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Duncan v. United States

United States District Court, S.D. Indiana, Indianapolis Division

June 5, 2019

THOMAS DUNCAN, Petitioner,
v.
UNITED STATES OF AMERICA, Respondent.

          ORDER DENYING MOTION FOR RELIEF PURSUANT TO 28 U.S.C. § 2255 AND DENYING CERTIFICATE OF APPEALABILITY

          HON. JANE MAGNUS-STINSON, CHIEF JUDGE

         Petitioner Thomas Duncan seeks relief from his conviction and sentence pursuant to 28 U.S.C. § 2255 arguing that his trial counsel was ineffective and that his sentence is improper in light of recent Supreme Court caselaw. For the reasons explained in this Order, Duncan's motion for relief must be denied and the action dismissed with prejudice. In addition, the Court finds that a certificate of appealability should not issue.

         I. The § 2255 Motion

          A motion pursuant to 28 U.S.C. § 2255 is the presumptive means by which a federal prisoner can challenge his conviction or sentence. See Davis v. United States, 417 U.S. 333, 343 (1974). A court may grant relief from a federal conviction or sentence pursuant to § 2255 “upon the ground that the sentence was imposed in violation of the Constitution or laws of the United States, or that the court was without jurisdiction to impose such sentence, or that the sentence was in excess of the maximum authorized by law, or is otherwise subject to collateral attack.” 28 U.S.C. § 2255(a). The scope of relief available under § 2255 is narrow, limited to “an error of law that is jurisdictional, constitutional, or constitutes a fundamental defect which inherently results in a complete miscarriage of justice.” Borre v. United States, 940 F.2d 215, 217 (7th Cir. 1991) (internal citations omitted).

         II. Factual and Procedural Background

         On September 23, 2014, IMPD officers responded to a domestic disturbance at a residence. United States v. Duncan, 1:15-cr-0009-JMS-DKL-1 (“Crim. Dkt.”) 44 & 9. Duncan fled and was apprehended several blocks away. Id. The victim advised the officers that prior to their arrival, she and Duncan had gotten into an argument and he had a gun in his hand and threatened to kill her. Id. The officers executed a search warrant at the residence where they located an Iver Johnson .380 caliber, semi-automatic pistol and a Mossberg, 12 gauge, pump shotgun, model 500. Id. On January 21, 2015, Duncan was charged in a two-count Indictment for being a felon in possession of a firearm, in violation of 18 U.S.C. §§ 922(g)(1) and 924(e). Crim. Dkt. 12. Specifically, he was charged in Count One of possessing an Iver Johnson, .380 caliber, semi-automatic pistol, and Count Two of possessing a Mossberg Model 500A, 12-gauge shotgun. Id.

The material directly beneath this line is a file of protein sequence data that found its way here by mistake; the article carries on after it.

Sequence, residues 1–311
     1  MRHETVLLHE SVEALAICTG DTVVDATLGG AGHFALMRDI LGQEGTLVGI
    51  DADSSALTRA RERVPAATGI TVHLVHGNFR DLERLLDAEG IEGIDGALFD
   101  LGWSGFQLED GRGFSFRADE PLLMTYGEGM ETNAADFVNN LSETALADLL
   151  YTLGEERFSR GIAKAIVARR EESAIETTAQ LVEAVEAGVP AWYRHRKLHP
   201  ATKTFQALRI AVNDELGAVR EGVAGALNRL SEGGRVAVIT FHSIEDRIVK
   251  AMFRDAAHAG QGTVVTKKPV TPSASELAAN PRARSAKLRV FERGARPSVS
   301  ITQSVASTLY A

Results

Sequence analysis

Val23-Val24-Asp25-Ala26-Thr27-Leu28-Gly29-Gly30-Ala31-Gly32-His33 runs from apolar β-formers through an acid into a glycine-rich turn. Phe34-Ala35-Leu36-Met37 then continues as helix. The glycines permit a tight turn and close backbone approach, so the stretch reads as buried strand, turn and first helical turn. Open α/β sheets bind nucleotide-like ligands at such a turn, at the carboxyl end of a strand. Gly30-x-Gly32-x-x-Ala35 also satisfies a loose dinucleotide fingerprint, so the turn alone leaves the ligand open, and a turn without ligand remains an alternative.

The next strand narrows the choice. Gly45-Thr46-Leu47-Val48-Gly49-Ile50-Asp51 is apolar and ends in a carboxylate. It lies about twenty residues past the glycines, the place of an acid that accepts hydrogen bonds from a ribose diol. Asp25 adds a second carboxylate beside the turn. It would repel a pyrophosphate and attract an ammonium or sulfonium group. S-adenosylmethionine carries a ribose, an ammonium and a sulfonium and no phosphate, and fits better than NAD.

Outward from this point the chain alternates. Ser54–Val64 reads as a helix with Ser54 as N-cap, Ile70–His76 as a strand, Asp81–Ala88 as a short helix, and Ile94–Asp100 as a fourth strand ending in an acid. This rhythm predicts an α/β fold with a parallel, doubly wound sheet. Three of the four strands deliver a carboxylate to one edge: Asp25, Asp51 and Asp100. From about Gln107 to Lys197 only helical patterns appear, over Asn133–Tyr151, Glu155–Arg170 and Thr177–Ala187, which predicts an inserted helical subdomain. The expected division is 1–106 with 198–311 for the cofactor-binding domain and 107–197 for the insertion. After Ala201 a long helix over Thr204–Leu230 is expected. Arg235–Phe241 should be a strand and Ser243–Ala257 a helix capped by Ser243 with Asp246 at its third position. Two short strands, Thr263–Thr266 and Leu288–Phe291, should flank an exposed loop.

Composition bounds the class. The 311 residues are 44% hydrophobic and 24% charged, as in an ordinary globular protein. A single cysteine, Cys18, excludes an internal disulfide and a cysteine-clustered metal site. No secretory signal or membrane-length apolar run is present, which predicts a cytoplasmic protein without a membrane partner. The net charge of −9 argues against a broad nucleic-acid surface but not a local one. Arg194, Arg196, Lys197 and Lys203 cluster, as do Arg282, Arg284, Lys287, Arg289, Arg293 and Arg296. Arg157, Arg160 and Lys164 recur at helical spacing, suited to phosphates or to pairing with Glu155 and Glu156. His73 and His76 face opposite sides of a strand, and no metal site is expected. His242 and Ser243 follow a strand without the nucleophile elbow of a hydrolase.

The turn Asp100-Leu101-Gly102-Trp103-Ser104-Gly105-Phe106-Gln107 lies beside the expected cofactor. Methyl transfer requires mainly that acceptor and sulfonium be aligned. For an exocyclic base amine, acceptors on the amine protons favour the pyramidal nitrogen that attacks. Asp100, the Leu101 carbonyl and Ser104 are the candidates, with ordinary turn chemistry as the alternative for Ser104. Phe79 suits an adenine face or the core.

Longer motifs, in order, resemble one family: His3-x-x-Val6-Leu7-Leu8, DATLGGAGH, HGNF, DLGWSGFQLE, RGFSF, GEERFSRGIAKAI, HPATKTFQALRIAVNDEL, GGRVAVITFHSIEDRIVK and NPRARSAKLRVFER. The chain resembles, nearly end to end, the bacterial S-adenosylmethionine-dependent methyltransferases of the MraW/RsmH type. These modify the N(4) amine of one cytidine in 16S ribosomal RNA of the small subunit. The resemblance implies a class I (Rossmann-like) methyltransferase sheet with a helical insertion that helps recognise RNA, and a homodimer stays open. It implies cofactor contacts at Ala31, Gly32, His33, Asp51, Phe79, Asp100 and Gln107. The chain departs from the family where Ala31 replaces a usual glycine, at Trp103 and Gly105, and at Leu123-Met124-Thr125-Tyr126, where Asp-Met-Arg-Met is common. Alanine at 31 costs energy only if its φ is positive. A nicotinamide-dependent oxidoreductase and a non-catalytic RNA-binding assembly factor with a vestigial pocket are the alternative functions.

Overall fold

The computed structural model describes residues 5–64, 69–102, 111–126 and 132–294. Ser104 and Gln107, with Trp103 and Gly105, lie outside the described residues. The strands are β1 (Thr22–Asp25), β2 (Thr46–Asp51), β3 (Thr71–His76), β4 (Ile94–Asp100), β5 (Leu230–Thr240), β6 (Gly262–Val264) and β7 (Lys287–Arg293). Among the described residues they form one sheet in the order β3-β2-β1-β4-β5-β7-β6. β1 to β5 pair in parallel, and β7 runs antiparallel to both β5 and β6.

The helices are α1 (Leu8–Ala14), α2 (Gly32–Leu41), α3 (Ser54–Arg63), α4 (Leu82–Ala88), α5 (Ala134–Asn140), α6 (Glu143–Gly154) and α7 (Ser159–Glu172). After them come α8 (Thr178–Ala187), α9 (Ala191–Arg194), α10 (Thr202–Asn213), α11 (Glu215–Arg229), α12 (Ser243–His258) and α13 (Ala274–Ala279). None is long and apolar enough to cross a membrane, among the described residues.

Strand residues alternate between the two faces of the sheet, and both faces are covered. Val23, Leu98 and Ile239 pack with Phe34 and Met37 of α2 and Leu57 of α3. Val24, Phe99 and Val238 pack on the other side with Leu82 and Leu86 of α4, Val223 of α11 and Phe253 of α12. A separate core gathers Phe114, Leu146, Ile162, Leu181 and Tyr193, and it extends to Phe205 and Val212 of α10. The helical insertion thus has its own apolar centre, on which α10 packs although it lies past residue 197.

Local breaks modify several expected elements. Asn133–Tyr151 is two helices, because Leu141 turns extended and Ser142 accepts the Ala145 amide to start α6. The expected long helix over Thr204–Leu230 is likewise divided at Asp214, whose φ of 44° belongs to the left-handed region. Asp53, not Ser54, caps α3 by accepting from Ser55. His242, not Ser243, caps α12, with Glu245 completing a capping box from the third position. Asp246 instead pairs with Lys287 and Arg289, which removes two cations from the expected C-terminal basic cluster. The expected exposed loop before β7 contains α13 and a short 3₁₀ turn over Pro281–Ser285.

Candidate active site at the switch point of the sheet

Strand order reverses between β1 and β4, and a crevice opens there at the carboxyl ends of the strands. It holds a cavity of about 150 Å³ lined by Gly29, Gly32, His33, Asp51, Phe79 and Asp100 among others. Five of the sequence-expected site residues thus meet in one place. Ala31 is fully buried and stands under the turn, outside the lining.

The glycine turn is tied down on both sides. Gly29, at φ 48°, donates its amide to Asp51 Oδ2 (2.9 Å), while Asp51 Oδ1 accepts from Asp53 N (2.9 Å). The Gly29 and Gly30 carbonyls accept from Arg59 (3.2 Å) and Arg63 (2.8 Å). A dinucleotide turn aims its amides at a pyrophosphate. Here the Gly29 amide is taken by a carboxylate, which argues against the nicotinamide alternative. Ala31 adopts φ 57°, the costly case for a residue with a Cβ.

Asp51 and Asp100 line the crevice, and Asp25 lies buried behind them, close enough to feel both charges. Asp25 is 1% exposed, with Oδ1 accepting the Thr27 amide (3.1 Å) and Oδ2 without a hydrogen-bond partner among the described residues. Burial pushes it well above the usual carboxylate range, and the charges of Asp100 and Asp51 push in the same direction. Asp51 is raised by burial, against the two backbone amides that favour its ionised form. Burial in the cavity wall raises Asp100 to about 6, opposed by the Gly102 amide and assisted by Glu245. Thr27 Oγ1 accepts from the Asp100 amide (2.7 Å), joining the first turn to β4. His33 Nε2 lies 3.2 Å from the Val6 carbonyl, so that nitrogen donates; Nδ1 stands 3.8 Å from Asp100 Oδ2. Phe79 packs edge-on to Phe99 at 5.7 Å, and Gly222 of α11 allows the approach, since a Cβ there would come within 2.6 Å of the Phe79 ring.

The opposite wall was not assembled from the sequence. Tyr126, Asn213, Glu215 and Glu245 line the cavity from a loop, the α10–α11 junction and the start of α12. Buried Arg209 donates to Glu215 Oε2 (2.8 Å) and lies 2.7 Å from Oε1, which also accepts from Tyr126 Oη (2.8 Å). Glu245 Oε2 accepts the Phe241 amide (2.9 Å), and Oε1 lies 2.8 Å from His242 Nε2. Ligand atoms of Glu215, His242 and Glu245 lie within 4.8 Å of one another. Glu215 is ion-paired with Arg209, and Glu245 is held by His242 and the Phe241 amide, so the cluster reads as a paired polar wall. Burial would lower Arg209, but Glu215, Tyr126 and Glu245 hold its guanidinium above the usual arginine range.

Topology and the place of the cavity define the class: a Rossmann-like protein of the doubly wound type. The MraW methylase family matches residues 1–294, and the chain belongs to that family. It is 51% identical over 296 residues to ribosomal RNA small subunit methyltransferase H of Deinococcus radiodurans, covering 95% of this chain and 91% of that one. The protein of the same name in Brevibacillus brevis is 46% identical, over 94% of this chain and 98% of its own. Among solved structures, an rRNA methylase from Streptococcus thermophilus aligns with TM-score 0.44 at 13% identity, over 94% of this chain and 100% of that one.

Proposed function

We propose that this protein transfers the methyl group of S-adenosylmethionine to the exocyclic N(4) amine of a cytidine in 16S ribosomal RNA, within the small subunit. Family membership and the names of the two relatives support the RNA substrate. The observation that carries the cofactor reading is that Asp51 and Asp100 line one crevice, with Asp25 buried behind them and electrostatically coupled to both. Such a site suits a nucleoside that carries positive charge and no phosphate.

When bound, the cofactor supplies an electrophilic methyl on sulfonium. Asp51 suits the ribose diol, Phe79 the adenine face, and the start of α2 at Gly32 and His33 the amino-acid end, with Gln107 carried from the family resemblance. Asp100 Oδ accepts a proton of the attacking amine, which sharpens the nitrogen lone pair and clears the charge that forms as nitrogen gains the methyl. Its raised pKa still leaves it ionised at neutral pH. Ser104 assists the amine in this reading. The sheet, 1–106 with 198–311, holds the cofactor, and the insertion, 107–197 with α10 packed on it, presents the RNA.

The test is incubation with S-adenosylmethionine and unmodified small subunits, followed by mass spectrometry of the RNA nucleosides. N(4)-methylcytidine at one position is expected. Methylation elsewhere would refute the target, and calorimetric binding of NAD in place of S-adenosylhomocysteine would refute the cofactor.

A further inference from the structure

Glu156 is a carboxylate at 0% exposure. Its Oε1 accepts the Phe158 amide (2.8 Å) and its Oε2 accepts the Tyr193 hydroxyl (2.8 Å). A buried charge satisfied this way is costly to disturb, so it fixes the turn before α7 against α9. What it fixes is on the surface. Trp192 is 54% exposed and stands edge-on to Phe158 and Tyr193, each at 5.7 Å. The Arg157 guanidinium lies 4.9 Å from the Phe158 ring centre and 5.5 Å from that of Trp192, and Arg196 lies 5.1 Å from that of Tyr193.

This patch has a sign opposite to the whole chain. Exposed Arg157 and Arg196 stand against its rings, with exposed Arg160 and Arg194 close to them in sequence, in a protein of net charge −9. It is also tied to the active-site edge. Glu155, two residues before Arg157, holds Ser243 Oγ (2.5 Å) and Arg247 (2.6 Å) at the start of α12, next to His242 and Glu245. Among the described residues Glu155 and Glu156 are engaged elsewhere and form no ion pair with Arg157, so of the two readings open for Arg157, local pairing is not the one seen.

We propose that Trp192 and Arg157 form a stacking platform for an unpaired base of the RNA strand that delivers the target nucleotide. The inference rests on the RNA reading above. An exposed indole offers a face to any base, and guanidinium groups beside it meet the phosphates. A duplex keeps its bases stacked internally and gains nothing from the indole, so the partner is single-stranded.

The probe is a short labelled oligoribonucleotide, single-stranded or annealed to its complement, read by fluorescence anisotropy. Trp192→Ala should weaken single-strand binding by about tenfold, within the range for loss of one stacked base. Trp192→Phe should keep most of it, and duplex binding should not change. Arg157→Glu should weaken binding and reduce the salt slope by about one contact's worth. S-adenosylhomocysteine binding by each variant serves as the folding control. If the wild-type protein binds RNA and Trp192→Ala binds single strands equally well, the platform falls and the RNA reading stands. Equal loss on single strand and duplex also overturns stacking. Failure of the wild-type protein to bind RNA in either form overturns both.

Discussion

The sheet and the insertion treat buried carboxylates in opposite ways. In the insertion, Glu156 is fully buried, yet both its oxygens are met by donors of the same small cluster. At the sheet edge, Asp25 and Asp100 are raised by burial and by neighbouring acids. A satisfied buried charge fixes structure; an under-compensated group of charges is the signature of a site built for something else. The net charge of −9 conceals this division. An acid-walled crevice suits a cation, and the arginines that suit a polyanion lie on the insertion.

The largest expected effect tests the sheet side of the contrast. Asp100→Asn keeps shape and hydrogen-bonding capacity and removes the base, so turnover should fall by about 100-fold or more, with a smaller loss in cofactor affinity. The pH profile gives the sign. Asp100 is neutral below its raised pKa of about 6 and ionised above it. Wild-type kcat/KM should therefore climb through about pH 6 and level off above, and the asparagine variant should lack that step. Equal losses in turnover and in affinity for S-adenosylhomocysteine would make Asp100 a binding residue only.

On February 10, 2015, Duncan filed a Petition to Enter a Plea of Guilty. Crim. Dkt. 27. On February 17, 2015, a plea agreement was filed pursuant to Federal Rule of Criminal Procedure 11(c)(1)(C). Crim. Dkt. 44. The next day, a plea hearing was held where Duncan pleaded guilty to Count 1 of the Indictment and agreed to a sentence of 15 years' imprisonment. Crim. Dkt. 33. The Court accepted the plea and adjudged Duncan guilty. Id.

         On May 28, 2015, an amended plea agreement was filed, and a new plea hearing and sentencing was held. Id. at 44, 45. The amended plea agreement was filed pursuant to Federal Rule of Criminal Procedure 11(c)(1)(B) and the parties agreed that Duncan would plead guilty to Count 1 of the Indictment and that the final determination of his sentence, including the advisory sentencing guideline range, would be made by the Court. Id. Dkt. 44. The government agreed to request a sentence at the low end of the guideline range and Duncan was free to ask for any sentence. Id.

         Duncan was found to have a total offense level of 30 and a criminal history category of VI with a Guideline range of imprisonment of 180 to 210 months. Id. PSR & 67. Duncan's prior criminal history consisted of six Indiana burglaries and thus, he was found to be an armed career criminal and subject to an enhanced sentence under 18 U.S.C. § 924(e) (the “ACCA”). Id. && 33, 34, 36, 37, 38, 40. Duncan was sentenced to 144 months in prison to be followed by four years of supervised release. Crim. Dkt. 46.

         Duncan now seeks relief pursuant to 28 U.S.C. § 2255. Duncan filed his motion for relief on June 6, 2016. On July 15, 2016, he filed an amended motion for relief. Because he was presenting a claim based on the Supreme Court decision in Johnson v. United States, 135 S.Ct. 2551 (2015), the Court appointed the Indiana Federal Community Defender to represent him, dkt. 4, and counsel later withdrew. Dkt. 11. Duncan was then directed to either voluntarily dismiss his motion for file a further brief in support. Dkt. 14. He filed a supplemental motion and the United States was directed to respond to it. Dkt. 16. After the United States filed a response, it was directed to supplement its response. Dkt. 36. Duncan has replied and his motion is now ripe for ruling.

         III. Discussion

         Duncan seeks relief pursuant to § 2255 arguing that his counsel was ineffective and that, based on the Supreme Court's decisions in Johnson v. United States, 135 S.Ct. 2551 (2015), and Mathis v. United States, 136 S.Ct. 2243 (2016), he should not have been sentenced under the ACCA. In reply, he withdraws his arguments that his counsel was ineffective. He also adds an argument under the First Step Act of 2018 and asks that the Court consider his personal accomplishments while incarcerated.

         A. Johnson and Mathis

         Duncan argues that the enhancement of his sentence under the ACCA is improper under the Supreme Court ...


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